And buy ratchet straps. Don't use bungees. Don't just tie it off with rope. Good ratchet straps will only cost you about $20, and are worth the investment particularly if you're transporting the bike over long distances where bungee straps might fatigue and loosen, and knots in ropes don't always hold. I'm sure others have had good experiences with bungee cords and rope, but I personally wouldn't take the chance.

I've had it recommended to met that you secure the bike in the middle of the truck bed, straight up and down. Don't secure it while it's leaning over on the kickstand.

Also, you should try to secure the bike from moving left and right, rather than trying to ratchet it "down" so it compresses the forks. Not many people have problems with fork leaks when they're transporting their bike, but some do. I don't think it's common, but why take the chance.
+1

Those handlebar cup/straps are worth their weight in gold.
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Old 04-16-2014, 08:05 AM   #8
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Thanks for the replies folks, much appreciated.

I used to use those style of straps that fit over the grips on my CBR 600 when I loaded it on trailers but had all sorts of problems with them moving the grips pretty badly, even caused the throttle to get very sticky at one track day (THAT WAS EXCITING). I stopped using them after that :-(

One of the problems I have is that I'm in Dubai and availability of 'stuff' can be very limited.

I'll definitely only use ratchet straps, wouldn't use anything else.

Has anyone got any pictures ?


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Old 04-16-2014, 08:07 AM   #9
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Quote:
Originally Posted by iggs View Post
Thanks for the replies folks, much appreciated.

I used to use those style of straps that fit over the grips on my CBR 600 when I loaded it on trailers but had all sorts of problems with them moving the grips pretty badly, even caused the throttle to get very sticky at one track day (THAT WAS EXCITING). I stopped using them after that :-(

One of the problems I have is that I'm in Dubai and availability of 'stuff' can be very limited.

I'll definitely only use ratchet straps, wouldn't use anything else.

Has anyone got any pictures ?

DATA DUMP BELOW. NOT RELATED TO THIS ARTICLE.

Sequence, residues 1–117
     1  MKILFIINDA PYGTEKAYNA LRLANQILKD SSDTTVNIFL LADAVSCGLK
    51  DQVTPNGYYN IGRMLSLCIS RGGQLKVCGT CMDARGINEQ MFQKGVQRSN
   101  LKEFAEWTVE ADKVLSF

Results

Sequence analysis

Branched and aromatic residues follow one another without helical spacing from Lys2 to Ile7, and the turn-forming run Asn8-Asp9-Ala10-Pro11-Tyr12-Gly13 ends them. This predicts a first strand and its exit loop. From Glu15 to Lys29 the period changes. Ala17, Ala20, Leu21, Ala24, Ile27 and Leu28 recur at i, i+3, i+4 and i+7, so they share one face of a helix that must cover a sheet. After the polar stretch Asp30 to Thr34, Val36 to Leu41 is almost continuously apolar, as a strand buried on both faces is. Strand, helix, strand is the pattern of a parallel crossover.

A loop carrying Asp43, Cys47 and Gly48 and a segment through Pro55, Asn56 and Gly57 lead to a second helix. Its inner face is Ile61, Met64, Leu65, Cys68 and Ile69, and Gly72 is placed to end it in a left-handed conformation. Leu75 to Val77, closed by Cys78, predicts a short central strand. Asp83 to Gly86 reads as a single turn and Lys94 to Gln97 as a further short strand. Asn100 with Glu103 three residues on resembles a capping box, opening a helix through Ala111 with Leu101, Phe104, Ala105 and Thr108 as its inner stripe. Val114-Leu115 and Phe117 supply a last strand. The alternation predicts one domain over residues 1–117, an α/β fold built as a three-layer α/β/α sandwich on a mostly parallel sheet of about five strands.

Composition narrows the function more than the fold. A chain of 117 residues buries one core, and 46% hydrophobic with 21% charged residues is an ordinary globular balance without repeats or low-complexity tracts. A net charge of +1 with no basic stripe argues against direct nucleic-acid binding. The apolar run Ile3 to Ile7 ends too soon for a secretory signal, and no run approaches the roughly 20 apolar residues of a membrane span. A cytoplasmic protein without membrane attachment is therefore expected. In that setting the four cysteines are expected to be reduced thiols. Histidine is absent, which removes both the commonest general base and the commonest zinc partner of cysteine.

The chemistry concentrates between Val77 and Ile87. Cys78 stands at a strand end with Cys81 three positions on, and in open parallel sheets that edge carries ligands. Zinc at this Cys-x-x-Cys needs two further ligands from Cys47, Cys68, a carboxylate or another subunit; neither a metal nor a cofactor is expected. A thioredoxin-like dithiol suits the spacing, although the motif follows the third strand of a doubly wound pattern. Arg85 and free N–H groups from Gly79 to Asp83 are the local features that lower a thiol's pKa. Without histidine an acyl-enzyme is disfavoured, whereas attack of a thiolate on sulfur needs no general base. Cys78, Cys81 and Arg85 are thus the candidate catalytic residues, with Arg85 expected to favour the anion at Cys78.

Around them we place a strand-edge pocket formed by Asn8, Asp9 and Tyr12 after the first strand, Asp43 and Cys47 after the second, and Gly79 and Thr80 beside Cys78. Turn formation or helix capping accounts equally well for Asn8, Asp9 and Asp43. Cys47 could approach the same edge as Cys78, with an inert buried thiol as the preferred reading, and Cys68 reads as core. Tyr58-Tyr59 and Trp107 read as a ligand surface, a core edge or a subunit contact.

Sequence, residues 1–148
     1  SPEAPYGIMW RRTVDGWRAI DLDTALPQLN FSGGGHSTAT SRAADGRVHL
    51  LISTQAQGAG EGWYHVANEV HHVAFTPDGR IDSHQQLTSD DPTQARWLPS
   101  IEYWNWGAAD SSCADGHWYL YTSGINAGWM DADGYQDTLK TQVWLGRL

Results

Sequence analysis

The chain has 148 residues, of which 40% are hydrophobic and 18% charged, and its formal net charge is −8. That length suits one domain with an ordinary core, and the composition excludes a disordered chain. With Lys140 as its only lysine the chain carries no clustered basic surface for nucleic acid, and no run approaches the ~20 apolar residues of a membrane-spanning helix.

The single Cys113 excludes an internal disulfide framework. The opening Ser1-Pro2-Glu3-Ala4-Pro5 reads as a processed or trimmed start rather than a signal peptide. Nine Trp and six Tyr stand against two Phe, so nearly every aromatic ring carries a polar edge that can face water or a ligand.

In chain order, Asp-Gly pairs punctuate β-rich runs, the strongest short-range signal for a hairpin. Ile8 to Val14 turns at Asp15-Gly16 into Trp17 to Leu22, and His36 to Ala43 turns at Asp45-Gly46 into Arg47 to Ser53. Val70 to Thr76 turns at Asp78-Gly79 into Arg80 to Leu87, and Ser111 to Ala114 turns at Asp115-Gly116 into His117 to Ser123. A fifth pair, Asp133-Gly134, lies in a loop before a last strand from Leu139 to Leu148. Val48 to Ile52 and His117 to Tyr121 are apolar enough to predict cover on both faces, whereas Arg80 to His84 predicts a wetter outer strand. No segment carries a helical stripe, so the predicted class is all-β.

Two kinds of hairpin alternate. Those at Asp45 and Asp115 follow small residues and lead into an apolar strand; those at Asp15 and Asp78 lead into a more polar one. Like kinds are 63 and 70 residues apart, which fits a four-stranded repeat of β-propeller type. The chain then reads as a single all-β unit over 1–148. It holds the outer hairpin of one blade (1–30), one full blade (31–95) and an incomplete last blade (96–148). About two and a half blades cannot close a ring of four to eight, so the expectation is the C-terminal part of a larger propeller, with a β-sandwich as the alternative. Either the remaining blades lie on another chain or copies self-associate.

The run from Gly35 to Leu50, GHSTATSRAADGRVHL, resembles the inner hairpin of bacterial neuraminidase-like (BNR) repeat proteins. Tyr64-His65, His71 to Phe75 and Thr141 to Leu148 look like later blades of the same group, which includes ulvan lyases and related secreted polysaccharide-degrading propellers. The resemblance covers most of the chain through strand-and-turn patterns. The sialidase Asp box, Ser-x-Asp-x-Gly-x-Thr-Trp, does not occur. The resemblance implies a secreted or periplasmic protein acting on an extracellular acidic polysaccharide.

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The newer canyon dancers have rotating cups, I use them on my 675 and have never had an issue.

Otherwise just strap over the fork brace, that is a nice structural hardpoint.
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Old 04-16-2014, 08:15 AM   #10
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Don't do this!!!

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Old 04-16-2014, 08:15 AM   #11
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Quote:
Originally Posted by Tripped1 View Post
The newer canyon dancers have rotating cups, I use them on my 675 and have never had an issue.

Otherwise just strap over the fork brace, that is a nice structural hardpoint.
Me too
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Old 04-16-2014, 08:16 AM   #12
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I don't know how well you can see the straps in this photo, but it's a good representation.

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Old 04-16-2014, 08:16 AM   #13
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I've always just used the nylon straps with a "cambuckle", hook to each side of the handlebars and go to each front corner of the truck bed. never used a wheelchock, or more than the 2 straps. Just pull the straps to compress the forks about 2-3" and you're set.
As far as getting into the truck, a 2x6 works fine just push the bike up the ramp, don't try to ride up until you've had a lot of practice doing something similar like riding up onto a picnic table (they're cheaper to replace than a Silverado! )
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Old 04-16-2014, 08:34 AM   #14
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Ramp for bike

2x6 for you

Up into truck

Front tire wedged into corner

Two of these:

Top pic for representation

one end has a loop in the strap with a hook sewn in part way down- go around handlebar - put hook through end of loop

Other end goes to bed rail...repeat other side
(since the handlebars are turned, one strap goes back - mid bed rail. Other would be going forward, I go to my backrack)

One regular ratchet strap to footpeg - fixed to somewhere forward of truck bed (stop back and forth movement)


And that's it, three straps and the bike doesnt move.
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Old 04-16-2014, 08:35 AM   #15
bradluke0
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Hi all ! There are many ways to do it so not sure there is a "right" way . One thing is for sure , don't use the side stand .